My name is Thomas Faulkner, one of the new Long Term Volunteers that have the privilege of living on Skomer for the next 3 months. I am an Ecology graduate from Aberystwyth University and have a long history of volunteering in conservation. I have been heavily involved with the Montgomeryshire Wildlife Trust Dyfi Osprey Project and also the Vincent Wildlife Trust Pine Marten reintroduction project. This interest in wildlife and volunteering led to me become a weekly volunteer last September during Shearwater week where I had the amazing opportunity to help weigh chicks. As soon as you spend any time on Skomer you quickly realise why it is the UK’s favourite nature reserve and after my weeks visit I knew I would be back!
Me and Ruby, the Long Term Volunteers for this half of the season  
I arrived on Skomer on the 1st of April and will be helping out wherever needed but you may bump into me welcoming day visitors and conducting surveys around the island. I will also be helping with the general running and maintenance of Skomer.
Learning to drive the tractor
As part of my stay I will also be conducting a personal project. My project is going to focus on the vegetation of Skomer and trying to repeat a survey first carried out 38 years ago. I will be trying to find around 200 small yellow markers buried in bracken that indicate a vegetation plot. Not an easy job. I will also be monitoring nesting activity of the Greater Black Backed Gulls, the largest predator on the island, mapping territory and nests while noting numbers of birds and behaviours as well.



Having just completed my first two weeks or so on Skomer Island, all I can say is it is living up to and exceeding all expectations. This week there have been so many species I have seen for the first time. On my second day the Puffins were starting to arrive in numbers and were showing courting and territorial behaviours in North Haven, while a pod of 30 Common Dolphin investigated the Dale Princess. And on the farm the Short eared Owl had an almost constant presence, searching for the endemic Skomer vole. Experiences like this are becoming an everyday occurrence. I am really looking forward to having new experiences like these in the three months I am here, and I really look forward to welcoming you onto the island.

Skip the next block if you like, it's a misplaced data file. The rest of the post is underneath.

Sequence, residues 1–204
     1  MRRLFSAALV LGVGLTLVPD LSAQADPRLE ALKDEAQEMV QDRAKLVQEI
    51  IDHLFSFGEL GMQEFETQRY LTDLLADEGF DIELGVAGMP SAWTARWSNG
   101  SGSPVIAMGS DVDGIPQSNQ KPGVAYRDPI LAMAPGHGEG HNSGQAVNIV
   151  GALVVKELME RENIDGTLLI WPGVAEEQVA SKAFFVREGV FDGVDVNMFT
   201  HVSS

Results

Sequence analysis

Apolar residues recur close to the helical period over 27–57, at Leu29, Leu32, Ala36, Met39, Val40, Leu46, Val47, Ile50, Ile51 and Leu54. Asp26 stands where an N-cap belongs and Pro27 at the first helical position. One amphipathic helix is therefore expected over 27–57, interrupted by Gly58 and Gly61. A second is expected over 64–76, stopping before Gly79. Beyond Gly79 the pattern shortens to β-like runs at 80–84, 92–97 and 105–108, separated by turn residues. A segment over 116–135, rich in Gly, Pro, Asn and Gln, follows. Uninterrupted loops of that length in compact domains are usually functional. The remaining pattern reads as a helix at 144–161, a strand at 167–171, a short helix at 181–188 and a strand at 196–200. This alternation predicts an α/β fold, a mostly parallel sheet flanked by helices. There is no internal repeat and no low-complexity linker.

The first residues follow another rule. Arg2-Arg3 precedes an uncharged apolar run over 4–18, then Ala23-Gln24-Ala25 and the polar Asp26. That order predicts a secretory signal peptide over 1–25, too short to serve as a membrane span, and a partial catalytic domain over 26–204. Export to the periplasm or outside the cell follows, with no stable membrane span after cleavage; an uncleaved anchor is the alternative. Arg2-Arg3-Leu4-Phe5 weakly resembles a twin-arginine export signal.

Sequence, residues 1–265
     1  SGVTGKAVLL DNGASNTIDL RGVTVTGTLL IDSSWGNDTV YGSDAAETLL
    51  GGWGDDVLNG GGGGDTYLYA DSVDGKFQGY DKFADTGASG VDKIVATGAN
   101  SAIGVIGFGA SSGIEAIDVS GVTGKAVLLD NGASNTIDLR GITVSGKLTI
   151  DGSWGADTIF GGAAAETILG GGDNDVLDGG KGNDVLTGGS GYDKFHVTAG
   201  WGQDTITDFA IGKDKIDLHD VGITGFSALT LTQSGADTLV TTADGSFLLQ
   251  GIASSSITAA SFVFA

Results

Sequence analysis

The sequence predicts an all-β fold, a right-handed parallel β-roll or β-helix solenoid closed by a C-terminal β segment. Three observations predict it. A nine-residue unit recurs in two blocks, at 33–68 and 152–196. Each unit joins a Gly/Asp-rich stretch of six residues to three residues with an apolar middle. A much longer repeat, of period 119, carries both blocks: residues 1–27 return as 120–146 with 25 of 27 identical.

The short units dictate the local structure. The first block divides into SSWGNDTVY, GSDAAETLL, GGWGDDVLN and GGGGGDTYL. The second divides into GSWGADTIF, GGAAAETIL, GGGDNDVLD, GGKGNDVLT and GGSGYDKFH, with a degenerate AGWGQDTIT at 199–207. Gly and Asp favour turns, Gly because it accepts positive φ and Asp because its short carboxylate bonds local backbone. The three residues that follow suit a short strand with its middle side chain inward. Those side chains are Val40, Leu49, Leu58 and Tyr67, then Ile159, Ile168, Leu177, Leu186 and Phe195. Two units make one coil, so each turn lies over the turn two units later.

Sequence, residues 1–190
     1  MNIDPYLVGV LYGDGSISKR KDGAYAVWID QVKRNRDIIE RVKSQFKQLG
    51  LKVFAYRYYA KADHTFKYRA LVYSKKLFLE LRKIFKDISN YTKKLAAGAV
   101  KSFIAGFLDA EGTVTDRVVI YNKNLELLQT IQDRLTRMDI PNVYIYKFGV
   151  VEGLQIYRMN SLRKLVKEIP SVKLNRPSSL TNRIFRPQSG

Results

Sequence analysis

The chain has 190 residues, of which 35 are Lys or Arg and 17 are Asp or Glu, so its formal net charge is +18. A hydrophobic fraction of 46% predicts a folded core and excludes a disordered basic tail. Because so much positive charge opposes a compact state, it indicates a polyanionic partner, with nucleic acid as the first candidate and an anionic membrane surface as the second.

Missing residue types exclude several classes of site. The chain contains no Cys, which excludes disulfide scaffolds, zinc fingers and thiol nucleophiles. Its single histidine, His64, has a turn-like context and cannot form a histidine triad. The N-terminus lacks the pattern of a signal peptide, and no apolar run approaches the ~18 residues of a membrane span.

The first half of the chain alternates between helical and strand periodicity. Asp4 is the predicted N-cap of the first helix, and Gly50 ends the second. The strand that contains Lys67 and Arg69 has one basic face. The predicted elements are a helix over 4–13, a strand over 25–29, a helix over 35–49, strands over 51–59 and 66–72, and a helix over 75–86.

Thom (Long Term Volunteer)

Sunday, 2 April 2017

Opening day!

We’re now open! And as B said in our previous blog, time has certainly flown. Just a week ago we were a little worried about whether the island would be ready in time, and to be honest, I was still a little worried on Friday afternoon. Things fell into place though and with a last little bit of adjustment we were ready to welcome the first visitors of 2017! 
 
An almost wind still morning meant the ponds had incredible reflections in them
 Thankfully the weather gods blessed us with a fantastic start to the season and we opened for day visitors and overnight guests on Saturday, as scheduled.



There was quite a bit of luggage that came over on the first boat which included four weekly volunteers, two overnight guests and two new Long Term Volunteers, Thom and Ruby (introductory blogs to come).  It certainly tested the early season fitness going up and down the steps multiple times. 



The first visitors of the year were treated to a fantastic day on Skomer. It was the first calm and sunny day in quite a while which meant the Short-eared Owls were making the most of the ideal hunting conditions, two of which were gliding over North Valley for most of the day, delighting visitors, staff and volunteers alike.

A spectacle which we weren't quite expecting was also the sheer numbers of Puffins that came back to Skomer in the evening. We could see numbers building throughout the day and around 4pm we had over 2,000 in North Haven alone, but they kept building and by 7pm there were an amazing 7,300 Puffins in North Haven. We usually do our whole island Puffin counts in mid-April but if these numbers continue like this we may end up doing them early. To see a video of this, head to our Facebook page. 

Sunrise on Sunday morning, another beautiful day
Saturday was one of those idyllic days on Skomer where the weather was fantastic, the wildlife was on top form and visitors left with huge smiles on their faces. And Sunday hasn’t been bad either, with excellent weather, migrants passing though (Sand Martins, Swallows and Willow Warblers mainly) and a pod of 30 Common Dolphins spotted off North Haven. For us this is an incredibly early sighting and we wouldn’t be expecting to see dolphins off Skomer until the summer!

That’s me done for now, but with the weather forecast to be similar for most of next week, we hope to see more friendly faces on Skomer soon and await more wildlife spectacles!